FIV (feline immunodeficiency virus) is in the retroviral family of lentiviruses. This class of RNA viruses functions by converting its RNA into DNA using an enzyme called reverse transcriptase and then integrating that DNA into the host’s DNA. After initial infection these viruses either integrate with the host cell and remain latent, or they integrate with the host cell and begin to rapidly replicate their own RNA. And when the host cell replicates (as cells will do) the host cell will be forced to create copies of virus RNA. In the case of FIV upon leaving the host cell the virus also kills the host cell.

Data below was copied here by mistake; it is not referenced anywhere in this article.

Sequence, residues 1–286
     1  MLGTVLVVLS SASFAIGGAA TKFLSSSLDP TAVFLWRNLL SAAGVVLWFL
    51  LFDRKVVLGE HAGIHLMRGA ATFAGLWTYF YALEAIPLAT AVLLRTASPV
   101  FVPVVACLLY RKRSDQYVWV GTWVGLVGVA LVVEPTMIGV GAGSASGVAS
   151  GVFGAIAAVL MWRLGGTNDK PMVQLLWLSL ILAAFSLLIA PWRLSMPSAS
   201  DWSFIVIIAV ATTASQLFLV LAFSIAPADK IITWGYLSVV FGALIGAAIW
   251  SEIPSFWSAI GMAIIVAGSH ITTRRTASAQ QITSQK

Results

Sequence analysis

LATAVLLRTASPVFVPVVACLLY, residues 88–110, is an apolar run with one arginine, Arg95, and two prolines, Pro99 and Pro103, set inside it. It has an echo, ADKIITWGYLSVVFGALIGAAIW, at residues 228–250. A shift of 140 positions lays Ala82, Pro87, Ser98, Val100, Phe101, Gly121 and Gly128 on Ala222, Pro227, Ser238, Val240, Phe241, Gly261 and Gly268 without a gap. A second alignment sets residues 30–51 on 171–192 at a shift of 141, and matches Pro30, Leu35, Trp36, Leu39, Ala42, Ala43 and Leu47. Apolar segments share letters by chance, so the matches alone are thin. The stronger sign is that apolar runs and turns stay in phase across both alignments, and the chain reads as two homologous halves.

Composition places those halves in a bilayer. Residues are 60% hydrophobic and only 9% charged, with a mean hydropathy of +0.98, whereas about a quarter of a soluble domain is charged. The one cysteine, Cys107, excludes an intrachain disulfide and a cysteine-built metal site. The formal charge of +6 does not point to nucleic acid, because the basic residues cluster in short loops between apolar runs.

FIV specifically infects the CD4+ T-cells (there are multiple types of T-cells) and macrophages which are cells that produce the cellular-mediated immune response in the body. Upon initial infection with FIV large numbers of virions are produced and subsequently large numbers of T-cells and macrophages are killed. This will produce flu-like symptoms in the cat (fever and enlarged lymph nodes). The immune system will recognize this foreign virus in the body and produce antibodies and various types of T-cells to kill the virus. After the battle the immune system will usually “have won” and only a small percentage of T-cells infected with the virus in a latent or dormant state will remain. Many cat owners do not even notice this stage of the disease as it is short lived and generally clears up on its own. At this point the cat will be asymptomatic (and can remain this way for months or years). The virus then slowly moves to other parts of the body (usually to the lymph nodes of the body) while slowly replicating itself and killing T-cells. During this time period your cat may get a few infections here and there but nothing too horrific. Each time the cat contracts a new infection T-cells will replicate to combat it, and since FIV has integrated itself into the T-cell DNA it will replicate as well. Thus the cat gets into a bit of a catch-22. The more infections the cat gets, the more T-cells are activated, which produces more virus, which kills more T-cells. As the T-cells in the body slowly diminish the cat is more and more susceptible to greater infection. Once the levels of T-cells fall below a certain point the cat is considered to have Feline AIDS. Once this occurs he/she usually falls victim to a secondary disease that the body can not fight off.